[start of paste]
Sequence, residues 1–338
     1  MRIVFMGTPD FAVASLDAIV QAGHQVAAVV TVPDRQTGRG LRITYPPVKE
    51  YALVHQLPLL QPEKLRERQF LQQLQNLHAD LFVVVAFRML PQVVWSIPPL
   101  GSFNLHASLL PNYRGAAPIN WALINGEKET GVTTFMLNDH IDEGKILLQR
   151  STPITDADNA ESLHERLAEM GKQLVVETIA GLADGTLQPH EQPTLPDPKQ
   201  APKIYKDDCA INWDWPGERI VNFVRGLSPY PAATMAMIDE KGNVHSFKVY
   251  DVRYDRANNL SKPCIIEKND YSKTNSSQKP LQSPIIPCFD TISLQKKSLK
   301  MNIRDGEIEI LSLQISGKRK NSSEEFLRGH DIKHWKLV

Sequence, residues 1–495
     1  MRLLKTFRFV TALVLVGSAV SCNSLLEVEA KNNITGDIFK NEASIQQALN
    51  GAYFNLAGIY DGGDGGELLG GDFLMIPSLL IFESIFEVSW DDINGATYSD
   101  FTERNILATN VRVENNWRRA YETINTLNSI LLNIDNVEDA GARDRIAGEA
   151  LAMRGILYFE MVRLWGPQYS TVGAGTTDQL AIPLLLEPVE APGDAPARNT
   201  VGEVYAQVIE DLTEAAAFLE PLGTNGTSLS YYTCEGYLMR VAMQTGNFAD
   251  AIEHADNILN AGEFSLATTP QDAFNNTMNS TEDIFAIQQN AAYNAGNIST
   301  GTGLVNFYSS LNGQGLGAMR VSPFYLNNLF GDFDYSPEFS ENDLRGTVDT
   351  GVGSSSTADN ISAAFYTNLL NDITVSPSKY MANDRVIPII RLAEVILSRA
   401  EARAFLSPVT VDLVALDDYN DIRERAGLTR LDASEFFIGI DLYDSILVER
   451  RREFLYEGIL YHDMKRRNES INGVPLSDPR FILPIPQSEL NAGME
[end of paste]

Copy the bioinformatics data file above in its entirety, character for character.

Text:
Sequence, residues 1–338
     1  MRIVFMGTPD FAVASLDAIV QAGHQVAAVV TVPDRQTGRG LRITYPPVKE
    51  YALVHQLPLL QPEKLRERQF LQQLQNLHAD LFVVVAFRML PQVVWSIPPL
   101  GSFNLHASLL PNYRGAAPIN WALINGEKET GVTTFMLNDH IDEGKILLQR
   151  STPITDADNA ESLHERLAEM GKQLVVETIA GLADGTLQPH EQPTLPDPKQ
   201  APKIYKDDCA INWDWPGERI VNFVRGLSPY PAATMAMIDE KGNVHSFKVY
   251  DVRYDRANNL SKPCIIEKND YSKTNSSQKP LQSPIIPCFD TISLQKKSLK
   301  MNIRDGEIEI LSLQISGKRK NSSEEFLRGH DIKHWKLV

Sequence, residues 1–495
     1  MRLLKTFRFV TALVLVGSAV SCNSLLEVEA KNNITGDIFK NEASIQQALN
    51  GAYFNLAGIY DGGDGGELLG GDFLMIPSLL IFESIFEVSW DDINGATYSD
   101  FTERNILATN VRVENNWRRA YETINTLNSI LLNIDNVEDA GARDRIAGEA
   151  LAMRGILYFE MVRLWGPQYS TVGAGTTDQL AIPLLLEPVE APGDAPARNT
   201  VGEVYAQVIE DLTEAAAFLE PLGTNGTSLS YYTCEGYLMR VAMQTGNFAD
   251  AIEHADNILN AGEFSLATTP QDAFNNTMNS TEDIFAIQQN AAYNAGNIST
   301  GTGLVNFYSS LNGQGLGAMR VSPFYLNNLF GDFDYSPEFS ENDLRGTVDT
   351  GVGSSSTADN ISAAFYTNLL NDITVSPSKY MANDRVIPII RLAEVILSRA
   401  EARAFLSPVT VDLVALDDYN DIRERAGLTR LDASEFFIGI DLYDSILVER
   451  RREFLYEGIL YHDMKRRNES INGVPLSDPR FILPIPQSEL NAGME